In a significant but not entirely novel ruling, the South Carolina Supreme Court recently held that South Carolina law does not require the pro rata apportionment of punitive damages between damages sustained for bodily injury and those sustained for property damage, under an auto policy. GEICO v. Poole, Opinion No. 27821 (July 5, 2018).
The Pooles, riding in a car owned by Jennifer Poole’s mother, were seriously injured when a drunk driver crossed the centerline and struck their vehicle. Jack Poole survived, but Jennifer Poole died days later as a result of her injuries. The Pooles sustained only $1250 in property damage.
The carrier for the at-fault driver tendered its limits, following which the carrier for the vehicle in which the Pooles were riding tendered its underinsured motorist (UIM) limits for bodily injury. Recovery was then sought from the Poole’s carrier, GEICO, which provided a split limits UIM policy – bodily injury coverage up to $100,000 per person and $50,000 property damage. GEICO tendered its maximum UIM coverage for bodily injury. Anticipating a significant punitive damages recovery, the Pooles made a demand for payment of property damage limits. GEICO refused and filed a declaratory judgment action in the United States District Court, seeking a determination it was not liable to pay any punitive damages pursuant to its UIM property damage coverage, reasoning the Pooles’ UIM damages resulted only from bodily injury.
Upon the filing of cross motions for summary judgment, the District Court certified the following question to the SC Supreme Court:
Under SC law, when an insured seeks coverage under an auto policy, must punitive damages be apportioned pro rata between damages sustained for bodily injury and those sustained for property damage under a split limits policy.
Significantly, the court’s answer to this question was no.
In support of its position, GEICO argued that because the insurance code allows for split limits policies, punitive damages must be allocated between damages for bodily injury and those for property damage; otherwise, failure to allocate punitive damages would effectively transform the split limits policy into a combined single limit policy. The Court rejected GEICO’s argument. Looking squarely to the statutory language addressing UIM coverage, the court emphasized the trigger for UIM coverage is an event that results in “damages,” which by definition includes both actual and punitive, that exceed the limits of coverage for the at-fault driver. The statutes do not further address the apportionment of punitive damages.
GEICO also argued the failure to allocate punitive damages is a violation of constitutional due process. The court likewise rejected this position. GEICO entered into a contract to provide UIM coverage, pursuant to which it was aware of its exposure to pay actual and punitive damages up to the contractual limit. Thus, there can be no argument relative to the propriety or foreseeability of punitive damages.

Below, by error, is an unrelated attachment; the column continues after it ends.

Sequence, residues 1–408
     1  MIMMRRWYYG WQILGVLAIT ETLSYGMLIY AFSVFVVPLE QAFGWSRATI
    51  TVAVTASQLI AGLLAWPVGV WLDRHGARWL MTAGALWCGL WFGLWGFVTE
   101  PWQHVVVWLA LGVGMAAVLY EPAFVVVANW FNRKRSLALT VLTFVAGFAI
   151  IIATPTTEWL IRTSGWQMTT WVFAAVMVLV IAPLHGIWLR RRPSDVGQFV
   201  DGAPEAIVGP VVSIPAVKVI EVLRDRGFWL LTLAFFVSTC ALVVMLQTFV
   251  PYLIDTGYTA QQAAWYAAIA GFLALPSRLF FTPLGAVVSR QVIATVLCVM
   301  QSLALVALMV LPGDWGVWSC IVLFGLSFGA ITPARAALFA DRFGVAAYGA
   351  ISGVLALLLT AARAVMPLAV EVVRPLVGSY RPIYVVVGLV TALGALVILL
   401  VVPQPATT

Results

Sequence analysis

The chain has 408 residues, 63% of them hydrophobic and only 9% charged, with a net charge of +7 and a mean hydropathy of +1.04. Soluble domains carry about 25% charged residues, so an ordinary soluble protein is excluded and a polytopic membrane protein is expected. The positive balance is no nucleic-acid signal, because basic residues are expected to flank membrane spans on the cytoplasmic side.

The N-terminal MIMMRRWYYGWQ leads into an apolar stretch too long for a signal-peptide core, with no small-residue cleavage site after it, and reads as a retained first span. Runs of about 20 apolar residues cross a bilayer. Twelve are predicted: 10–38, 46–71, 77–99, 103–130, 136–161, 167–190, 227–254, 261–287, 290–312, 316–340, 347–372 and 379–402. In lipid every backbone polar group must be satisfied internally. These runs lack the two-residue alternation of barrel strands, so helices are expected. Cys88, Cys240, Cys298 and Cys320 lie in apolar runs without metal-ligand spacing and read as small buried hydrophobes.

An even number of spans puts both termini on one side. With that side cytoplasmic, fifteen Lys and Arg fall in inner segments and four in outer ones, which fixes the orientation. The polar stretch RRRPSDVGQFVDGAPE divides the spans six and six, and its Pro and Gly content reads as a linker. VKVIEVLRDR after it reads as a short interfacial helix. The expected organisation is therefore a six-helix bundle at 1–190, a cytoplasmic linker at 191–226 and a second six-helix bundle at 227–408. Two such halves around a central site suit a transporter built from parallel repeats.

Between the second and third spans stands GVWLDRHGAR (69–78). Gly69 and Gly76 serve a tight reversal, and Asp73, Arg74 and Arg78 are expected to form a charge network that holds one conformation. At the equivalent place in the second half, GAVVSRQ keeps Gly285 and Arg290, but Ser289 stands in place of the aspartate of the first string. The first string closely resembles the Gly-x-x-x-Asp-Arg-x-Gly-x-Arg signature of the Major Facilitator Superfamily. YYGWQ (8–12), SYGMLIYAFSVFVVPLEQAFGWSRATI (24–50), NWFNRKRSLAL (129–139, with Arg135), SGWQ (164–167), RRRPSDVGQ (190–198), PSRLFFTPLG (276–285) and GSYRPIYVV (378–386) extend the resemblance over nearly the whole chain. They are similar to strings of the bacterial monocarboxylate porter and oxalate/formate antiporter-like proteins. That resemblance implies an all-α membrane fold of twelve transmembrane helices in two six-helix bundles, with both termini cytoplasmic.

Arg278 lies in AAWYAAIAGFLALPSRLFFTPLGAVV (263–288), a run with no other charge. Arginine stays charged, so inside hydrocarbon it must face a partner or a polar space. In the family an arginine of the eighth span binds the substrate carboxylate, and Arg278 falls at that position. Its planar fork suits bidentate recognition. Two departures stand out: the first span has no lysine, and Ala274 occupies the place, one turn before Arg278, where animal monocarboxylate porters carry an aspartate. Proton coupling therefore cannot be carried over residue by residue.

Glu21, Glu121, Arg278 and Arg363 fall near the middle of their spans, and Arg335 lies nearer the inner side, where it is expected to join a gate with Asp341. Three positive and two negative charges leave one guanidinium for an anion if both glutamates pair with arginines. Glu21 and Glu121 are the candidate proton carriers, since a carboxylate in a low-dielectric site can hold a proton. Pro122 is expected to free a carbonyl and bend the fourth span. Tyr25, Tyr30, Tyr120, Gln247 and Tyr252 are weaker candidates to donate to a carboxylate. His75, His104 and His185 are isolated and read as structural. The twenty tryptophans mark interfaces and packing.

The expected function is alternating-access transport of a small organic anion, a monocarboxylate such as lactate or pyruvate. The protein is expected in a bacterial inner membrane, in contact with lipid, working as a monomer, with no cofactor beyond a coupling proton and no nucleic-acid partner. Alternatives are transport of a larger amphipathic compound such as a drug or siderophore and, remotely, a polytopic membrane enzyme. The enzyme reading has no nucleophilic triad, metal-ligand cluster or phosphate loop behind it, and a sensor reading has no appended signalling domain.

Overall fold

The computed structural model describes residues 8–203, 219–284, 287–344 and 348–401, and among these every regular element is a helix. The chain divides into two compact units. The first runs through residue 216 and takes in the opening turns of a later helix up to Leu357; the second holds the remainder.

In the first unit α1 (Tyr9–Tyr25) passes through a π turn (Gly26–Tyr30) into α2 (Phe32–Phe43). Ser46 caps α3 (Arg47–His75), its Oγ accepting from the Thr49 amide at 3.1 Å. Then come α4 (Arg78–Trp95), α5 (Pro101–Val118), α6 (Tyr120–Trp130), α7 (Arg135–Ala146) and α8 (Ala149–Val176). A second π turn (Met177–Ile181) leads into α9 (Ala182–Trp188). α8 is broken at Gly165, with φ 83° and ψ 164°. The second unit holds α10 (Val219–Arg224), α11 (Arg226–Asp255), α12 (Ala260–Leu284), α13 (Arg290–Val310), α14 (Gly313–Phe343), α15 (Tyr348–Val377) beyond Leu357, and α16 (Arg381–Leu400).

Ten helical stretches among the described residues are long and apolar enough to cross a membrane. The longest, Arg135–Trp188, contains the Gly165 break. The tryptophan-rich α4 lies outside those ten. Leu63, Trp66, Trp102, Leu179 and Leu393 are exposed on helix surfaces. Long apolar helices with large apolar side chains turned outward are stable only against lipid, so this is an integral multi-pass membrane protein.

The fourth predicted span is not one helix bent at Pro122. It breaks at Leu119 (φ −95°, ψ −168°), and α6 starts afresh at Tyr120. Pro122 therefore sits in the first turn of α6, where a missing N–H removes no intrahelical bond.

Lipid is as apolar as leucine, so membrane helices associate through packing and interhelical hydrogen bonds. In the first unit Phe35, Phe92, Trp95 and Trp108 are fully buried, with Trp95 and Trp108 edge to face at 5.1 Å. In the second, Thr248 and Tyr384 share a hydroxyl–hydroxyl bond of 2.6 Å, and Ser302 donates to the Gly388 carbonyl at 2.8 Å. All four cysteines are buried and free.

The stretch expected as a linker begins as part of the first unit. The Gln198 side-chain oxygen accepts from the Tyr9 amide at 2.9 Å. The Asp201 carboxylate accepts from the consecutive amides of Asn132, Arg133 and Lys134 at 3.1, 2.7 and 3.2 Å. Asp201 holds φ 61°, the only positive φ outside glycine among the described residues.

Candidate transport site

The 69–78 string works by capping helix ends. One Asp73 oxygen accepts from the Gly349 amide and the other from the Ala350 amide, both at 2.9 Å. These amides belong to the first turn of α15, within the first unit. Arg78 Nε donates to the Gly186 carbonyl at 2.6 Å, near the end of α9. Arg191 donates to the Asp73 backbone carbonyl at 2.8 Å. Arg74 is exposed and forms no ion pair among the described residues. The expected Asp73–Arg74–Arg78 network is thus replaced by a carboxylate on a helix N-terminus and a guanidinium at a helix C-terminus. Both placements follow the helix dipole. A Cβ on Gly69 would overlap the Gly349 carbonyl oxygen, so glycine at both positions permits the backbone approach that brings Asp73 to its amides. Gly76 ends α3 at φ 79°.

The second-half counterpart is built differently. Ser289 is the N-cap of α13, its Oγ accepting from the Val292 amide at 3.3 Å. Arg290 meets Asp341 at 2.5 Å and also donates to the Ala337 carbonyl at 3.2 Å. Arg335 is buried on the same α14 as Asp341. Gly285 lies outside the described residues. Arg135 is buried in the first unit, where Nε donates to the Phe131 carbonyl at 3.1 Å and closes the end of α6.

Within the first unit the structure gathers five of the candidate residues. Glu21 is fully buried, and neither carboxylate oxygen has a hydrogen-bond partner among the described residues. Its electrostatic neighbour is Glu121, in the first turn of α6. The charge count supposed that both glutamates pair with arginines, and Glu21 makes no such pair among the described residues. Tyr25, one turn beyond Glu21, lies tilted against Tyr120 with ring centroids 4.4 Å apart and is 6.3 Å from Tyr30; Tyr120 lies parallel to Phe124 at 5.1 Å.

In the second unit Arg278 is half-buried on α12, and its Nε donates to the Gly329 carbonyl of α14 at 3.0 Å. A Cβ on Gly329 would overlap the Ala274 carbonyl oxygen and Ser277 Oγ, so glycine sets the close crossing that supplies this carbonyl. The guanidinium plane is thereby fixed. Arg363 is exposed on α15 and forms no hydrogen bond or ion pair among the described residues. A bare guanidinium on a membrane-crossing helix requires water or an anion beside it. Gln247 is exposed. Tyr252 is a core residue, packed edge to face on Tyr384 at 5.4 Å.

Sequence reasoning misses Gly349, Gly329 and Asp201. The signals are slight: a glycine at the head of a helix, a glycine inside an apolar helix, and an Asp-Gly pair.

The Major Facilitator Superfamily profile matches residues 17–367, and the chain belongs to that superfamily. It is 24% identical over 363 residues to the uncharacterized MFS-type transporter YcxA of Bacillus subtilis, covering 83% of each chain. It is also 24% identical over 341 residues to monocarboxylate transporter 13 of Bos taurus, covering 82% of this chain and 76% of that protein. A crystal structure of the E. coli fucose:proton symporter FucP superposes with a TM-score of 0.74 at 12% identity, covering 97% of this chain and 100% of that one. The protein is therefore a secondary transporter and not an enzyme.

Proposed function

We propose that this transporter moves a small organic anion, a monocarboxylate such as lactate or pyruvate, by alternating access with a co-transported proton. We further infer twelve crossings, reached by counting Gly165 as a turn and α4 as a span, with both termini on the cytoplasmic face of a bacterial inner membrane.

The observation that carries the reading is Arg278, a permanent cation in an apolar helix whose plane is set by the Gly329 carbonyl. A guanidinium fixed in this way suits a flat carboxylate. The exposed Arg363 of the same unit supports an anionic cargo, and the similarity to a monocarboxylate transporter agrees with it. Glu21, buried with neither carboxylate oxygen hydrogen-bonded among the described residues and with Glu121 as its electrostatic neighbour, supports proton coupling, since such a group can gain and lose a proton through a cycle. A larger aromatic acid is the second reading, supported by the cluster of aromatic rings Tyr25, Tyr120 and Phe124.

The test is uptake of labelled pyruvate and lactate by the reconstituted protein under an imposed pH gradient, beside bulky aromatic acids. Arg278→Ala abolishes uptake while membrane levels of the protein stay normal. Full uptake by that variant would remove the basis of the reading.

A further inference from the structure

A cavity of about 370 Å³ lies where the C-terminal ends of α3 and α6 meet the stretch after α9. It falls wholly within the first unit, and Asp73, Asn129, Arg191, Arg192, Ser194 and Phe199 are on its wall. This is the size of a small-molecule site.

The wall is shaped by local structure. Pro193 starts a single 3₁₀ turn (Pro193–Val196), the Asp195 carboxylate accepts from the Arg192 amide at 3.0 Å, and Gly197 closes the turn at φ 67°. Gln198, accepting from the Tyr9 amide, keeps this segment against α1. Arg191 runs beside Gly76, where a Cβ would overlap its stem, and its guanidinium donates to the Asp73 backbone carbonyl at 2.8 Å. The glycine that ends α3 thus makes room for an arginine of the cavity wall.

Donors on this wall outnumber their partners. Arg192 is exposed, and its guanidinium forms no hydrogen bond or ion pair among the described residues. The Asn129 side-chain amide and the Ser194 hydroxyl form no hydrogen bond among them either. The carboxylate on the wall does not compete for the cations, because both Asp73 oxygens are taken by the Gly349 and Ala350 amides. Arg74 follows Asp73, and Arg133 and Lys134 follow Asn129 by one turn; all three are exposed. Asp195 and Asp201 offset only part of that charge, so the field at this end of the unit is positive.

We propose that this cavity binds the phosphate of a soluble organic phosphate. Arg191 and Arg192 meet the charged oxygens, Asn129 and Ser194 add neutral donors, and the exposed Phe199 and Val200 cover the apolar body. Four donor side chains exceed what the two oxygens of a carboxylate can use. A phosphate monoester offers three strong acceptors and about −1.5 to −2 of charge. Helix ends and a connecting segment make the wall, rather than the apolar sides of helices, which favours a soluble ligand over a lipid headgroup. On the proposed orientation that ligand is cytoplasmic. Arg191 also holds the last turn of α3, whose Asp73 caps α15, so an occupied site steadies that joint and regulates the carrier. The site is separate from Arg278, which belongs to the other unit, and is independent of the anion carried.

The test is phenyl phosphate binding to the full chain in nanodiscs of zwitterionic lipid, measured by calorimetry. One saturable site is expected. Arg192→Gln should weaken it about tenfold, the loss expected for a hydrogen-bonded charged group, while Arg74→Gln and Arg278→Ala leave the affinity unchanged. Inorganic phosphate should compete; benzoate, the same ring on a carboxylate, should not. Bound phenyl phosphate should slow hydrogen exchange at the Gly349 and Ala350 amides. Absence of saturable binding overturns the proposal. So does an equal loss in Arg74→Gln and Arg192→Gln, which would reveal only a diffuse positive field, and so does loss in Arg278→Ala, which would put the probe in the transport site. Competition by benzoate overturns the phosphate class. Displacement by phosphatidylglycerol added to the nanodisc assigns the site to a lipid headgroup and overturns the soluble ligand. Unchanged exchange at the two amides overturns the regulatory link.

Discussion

GEICO next argued the insurance contract required pro rata apportionment of punitive damages. The court chose not to address that argument, deferring to the district court and its ability to fully review the insurance contract as well as any testimony or documents relevant to any necessary interpretation thereof.
Finally, GEICO relied on a public policy argument, asserting it supports allocation. The court once again deferred, this time to the General Assembly.
Although the court was careful to note its mindfulness of the reasons for and enforceability of split limits policies, this opinion seems to call into question the application and perhaps even the viability of such policies. The court took the time to articulate a well-reasoned analysis of the underlying principles of punitive damages, upon which it relied in reaching its conclusion. Specifically, they are designed to punish a wrongdoer and to deter him and others from similar behavior. However, the court notes, they are also intended to provide a level of compensation to plaintiffs for the intentional violation of their private rights, separate and apart from compensatory damages. While actual damages can easily be determined to result from either bodily injury or property damages, punitive damages are not likewise distinguishable. Therefore, if punitive damages are not subject to apportionment based upon the limits of coverage for bodily injury and property damage, is the policy effectively converted to a single limit policy, as least as to the insurer’s exposure for punitive damages?
This author anticipates the effects of Poole will be varied and far-reaching, particularly where, as here, there is obviously reckless conduct by a defendant and some degree of property damage, albeit minimal. Insurers can likely expect more demands for payment of combined policy limits, and threats of bad faith actions in response to any rejection of those demands. Insurers - beware.